Bass Fishing

3 Easy Ways to Pick out Backlashes

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tangled fishing line on a fishing reel

Backlashing a fishing reel is no fun whatsoever. Whether you refer to your spool running over on a cast as a backlash, bird’s nest or my personal favorite—a professional overcast—we’ve all been there. The tendency to backlash a reel is often very embarrassing and discouraging for newcomers to the sport and something that prevents them from sticking with fishing. If this sounds familiar, I want to encourage you today not to give up on fishing with a baitcaster just yet. There are three tricks I’ve learned that I plan to share with you in a moment which will help you with beating this common, frustrating foe.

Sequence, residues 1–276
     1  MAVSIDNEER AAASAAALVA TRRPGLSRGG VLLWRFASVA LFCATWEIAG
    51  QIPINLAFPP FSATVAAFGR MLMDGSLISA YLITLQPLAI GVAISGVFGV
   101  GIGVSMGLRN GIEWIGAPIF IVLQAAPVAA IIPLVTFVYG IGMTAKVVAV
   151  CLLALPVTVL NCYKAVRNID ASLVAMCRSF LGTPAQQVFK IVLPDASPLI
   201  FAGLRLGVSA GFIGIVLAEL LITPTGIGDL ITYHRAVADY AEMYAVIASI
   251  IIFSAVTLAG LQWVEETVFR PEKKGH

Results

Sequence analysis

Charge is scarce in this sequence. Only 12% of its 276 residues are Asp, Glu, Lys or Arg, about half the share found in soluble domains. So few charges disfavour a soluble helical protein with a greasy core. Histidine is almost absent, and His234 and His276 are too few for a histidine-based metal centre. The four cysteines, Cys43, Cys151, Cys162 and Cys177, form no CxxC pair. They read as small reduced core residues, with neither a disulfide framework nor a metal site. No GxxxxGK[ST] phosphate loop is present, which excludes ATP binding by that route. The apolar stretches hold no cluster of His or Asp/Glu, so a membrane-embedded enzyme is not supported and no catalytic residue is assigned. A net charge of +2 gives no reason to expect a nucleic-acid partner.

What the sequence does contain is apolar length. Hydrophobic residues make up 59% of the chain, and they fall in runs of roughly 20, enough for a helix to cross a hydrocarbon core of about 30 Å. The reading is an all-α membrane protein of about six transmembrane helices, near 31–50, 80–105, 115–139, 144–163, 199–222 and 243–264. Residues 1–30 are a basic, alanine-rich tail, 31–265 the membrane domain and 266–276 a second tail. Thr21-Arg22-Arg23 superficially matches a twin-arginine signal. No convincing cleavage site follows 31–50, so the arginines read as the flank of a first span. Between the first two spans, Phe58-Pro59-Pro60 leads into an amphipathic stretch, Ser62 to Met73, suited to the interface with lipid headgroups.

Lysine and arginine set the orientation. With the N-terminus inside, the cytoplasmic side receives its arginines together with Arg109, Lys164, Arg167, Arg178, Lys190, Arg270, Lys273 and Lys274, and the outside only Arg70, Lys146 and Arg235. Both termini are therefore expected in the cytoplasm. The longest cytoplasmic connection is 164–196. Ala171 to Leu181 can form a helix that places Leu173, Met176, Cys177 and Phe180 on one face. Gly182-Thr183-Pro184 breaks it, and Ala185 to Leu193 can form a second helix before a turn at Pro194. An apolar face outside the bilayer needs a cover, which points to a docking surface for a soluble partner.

But even before that, I suggest you read this article to help prevent a lot of backlashes before they ever even happen. All baitcasters, to my knowledge, come preset from the manufacturer with the spool tension knob, drag and brake system set as loose as possible. If you set up your reel correctly to begin with, you’ll see a drastic reduction in the tendency to backlash a baitcaster. But in the event you do backlash your reel, hopefully these three tips will make correcting that error a whole lot easier.

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Go slow

untangling a bass fishing reel

The absolute first thing you want to do is go slow as you start to assess the backlash. I see a lot of anglers get frustrated and just start snatching on their main line or on loops in their spool right out of the gate. This cinches the line down into the spool and makes picking out the backlash nearly impossible. Instead, slowly pull on the mainline and see if your spool will start to turn. Sometimes, you can do this and just ease the backlash out. If the spool stops spinning, it’s time to look for a loop in your line to tug on a bit.